Stop Struggling to Peel Butternut Squash and Try This Simple Method Instead
Butternut squash is a comforting and versatile addition to your holiday table. The best part? Most butternut squash recipes are fairly easy to perfect. There's a catch, however. You have to get through the tough exterior skin before you can harvest the sweet, creamy, delicious flesh awaiting you inside. If you've ever tried the old-fashioned method of peeling away the skin bit by bit with a vegetable peeler, you know it can be tedious and messy. That's the last thing you need, especially when you're preparing for the holidays. Luckily, there's another option. Chef Ryan Smith, chef and owner of Lazy Susan Tapas Bar in Macon, Georgia, shared his simple method for removing the skin from a butternut squash. Now that we've tried it, we're never going back.
Start With a Good Knife
A good knife will make any job in the kitchen easier. Smith says he prefers to use a Japanese Nakiri-style knife because the higher ridge between the blade and body allows you more room to guide the edge when you're working with the thick skin of a butternut squash. Whatever type of blade you select, just make sure it's sufficiently sharp. A dull blade will be harder to work and increase the chances of an accident. To determine if your knife needs to be sharpened, simply test it out on a piece of soft fruit like a tomato or even a sheet of paper. If it glides through quickly and effortlessly, you're good to go. Otherwise, you'll want to sharpen your knife before you begin.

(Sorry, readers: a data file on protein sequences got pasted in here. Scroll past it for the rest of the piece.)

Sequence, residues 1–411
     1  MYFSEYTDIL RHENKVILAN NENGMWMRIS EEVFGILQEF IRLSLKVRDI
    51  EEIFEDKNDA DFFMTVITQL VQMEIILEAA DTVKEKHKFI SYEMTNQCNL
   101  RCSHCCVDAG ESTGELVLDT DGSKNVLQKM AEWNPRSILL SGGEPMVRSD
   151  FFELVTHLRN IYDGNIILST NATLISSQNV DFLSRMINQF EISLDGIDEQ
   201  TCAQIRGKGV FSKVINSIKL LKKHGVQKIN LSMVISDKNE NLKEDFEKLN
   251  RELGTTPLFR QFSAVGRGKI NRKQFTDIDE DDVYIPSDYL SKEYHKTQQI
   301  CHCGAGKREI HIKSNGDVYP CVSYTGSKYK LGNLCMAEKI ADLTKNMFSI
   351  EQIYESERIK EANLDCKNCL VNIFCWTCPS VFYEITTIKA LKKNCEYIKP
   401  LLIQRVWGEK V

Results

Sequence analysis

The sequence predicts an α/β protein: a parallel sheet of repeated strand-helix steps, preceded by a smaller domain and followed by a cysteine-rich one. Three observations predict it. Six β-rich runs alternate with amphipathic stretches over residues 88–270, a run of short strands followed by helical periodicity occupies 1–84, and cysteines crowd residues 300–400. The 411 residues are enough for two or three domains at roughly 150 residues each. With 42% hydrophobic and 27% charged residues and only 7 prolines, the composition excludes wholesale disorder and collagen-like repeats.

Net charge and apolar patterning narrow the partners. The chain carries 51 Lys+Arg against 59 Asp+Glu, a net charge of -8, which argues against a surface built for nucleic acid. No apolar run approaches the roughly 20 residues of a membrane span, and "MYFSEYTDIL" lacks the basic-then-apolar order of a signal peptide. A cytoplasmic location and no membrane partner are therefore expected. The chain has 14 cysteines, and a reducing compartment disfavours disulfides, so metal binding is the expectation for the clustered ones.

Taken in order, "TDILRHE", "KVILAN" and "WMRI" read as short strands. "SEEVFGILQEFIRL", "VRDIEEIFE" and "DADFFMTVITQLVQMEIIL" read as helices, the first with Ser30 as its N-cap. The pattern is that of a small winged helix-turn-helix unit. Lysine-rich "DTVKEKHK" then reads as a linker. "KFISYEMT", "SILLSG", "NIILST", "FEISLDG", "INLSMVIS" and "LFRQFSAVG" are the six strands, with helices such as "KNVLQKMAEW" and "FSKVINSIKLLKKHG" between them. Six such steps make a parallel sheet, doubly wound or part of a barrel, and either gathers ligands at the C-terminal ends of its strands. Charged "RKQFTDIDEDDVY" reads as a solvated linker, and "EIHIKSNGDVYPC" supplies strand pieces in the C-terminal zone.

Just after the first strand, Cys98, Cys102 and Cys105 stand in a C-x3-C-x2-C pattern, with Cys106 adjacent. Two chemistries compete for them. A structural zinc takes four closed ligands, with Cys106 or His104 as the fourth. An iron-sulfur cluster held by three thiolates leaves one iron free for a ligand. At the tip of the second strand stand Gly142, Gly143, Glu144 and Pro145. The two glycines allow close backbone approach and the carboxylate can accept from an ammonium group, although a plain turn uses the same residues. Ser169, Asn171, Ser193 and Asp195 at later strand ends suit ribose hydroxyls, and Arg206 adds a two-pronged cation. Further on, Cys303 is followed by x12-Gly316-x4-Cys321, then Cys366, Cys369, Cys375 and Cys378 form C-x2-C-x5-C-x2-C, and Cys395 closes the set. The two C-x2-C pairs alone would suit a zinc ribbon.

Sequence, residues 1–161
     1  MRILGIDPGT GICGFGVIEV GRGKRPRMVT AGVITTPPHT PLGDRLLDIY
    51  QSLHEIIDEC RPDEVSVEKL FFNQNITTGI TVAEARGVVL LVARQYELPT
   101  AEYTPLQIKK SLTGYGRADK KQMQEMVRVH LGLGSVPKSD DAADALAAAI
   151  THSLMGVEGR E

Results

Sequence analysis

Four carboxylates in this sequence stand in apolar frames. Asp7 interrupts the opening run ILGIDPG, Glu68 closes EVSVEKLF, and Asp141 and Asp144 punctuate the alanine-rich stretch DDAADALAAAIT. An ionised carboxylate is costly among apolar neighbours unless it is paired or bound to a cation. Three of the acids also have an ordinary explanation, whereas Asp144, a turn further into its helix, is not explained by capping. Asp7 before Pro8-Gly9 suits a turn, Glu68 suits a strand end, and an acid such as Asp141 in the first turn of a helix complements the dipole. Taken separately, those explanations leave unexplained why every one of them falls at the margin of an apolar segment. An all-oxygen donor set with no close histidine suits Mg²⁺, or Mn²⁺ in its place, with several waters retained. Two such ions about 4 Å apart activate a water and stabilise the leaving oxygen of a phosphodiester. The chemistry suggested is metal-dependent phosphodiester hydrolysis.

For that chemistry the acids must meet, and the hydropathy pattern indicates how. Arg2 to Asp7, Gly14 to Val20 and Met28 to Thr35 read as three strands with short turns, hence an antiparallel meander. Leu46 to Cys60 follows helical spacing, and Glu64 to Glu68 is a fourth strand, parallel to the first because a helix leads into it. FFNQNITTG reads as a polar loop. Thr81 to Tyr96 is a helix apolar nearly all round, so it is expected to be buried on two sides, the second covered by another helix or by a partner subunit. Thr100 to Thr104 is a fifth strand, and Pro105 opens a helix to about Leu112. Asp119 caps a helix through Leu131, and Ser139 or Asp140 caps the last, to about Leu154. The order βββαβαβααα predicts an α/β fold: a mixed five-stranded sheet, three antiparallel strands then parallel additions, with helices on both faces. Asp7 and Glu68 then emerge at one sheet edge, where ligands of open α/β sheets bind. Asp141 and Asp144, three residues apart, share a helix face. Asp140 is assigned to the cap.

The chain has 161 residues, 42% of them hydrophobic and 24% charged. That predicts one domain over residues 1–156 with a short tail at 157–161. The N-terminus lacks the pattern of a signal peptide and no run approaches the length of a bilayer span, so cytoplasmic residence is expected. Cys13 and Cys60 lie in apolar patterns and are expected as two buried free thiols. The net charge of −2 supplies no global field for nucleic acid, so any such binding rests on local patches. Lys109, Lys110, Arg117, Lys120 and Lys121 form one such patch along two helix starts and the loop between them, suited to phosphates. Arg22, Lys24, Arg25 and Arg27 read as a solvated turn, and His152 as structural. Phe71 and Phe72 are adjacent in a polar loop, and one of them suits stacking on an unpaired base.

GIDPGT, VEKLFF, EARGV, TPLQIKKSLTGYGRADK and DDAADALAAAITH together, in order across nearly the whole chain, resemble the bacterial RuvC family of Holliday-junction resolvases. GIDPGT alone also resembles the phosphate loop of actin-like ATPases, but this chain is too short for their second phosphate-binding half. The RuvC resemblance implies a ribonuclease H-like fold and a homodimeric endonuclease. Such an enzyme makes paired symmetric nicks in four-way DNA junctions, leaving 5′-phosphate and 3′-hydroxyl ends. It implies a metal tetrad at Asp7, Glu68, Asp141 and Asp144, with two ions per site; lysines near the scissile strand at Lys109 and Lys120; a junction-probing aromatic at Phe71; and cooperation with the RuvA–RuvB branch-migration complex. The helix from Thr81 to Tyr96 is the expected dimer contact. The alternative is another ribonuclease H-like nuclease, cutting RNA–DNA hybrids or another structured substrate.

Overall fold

Separate the Stalk From the Drum
Once you've selected your knife, it's time to place the butternut squash on a cutting board so you can separate the stalk from the body, or drum. Smith says, "Lay the squash on its side and cut it in half where the round bit (the drum) begins. From here, take the stalk and remove the other end." At this point, you should have exposed the interior so you can see the flesh on both ends of the squash.
Remove the Skin
Now that you've flattened the ends of the squash, Smith says to stand it up vertically and begin cutting the skin off in small strips with your knife. If there is still flesh clinging to the skin, you can separate it with a sharp paring knife. Now your butternut squash is ready to prepare. It's that simple!
How to Prepare Butternut Squash
Now that the skin has been removed, you're ready to prepare your butternut squash. Smith says that if you're dicing it, you should maintain no more than a half inch thickness. Otherwise, it will be hard to cook all the way through. If you want to make a butternut squash puree (a favorite of Ina Garten), Smith says there's no need to dice it beforehand. Just split the squash from root to stem and it's ready for roasting.
This story originally appeared on southernliving.com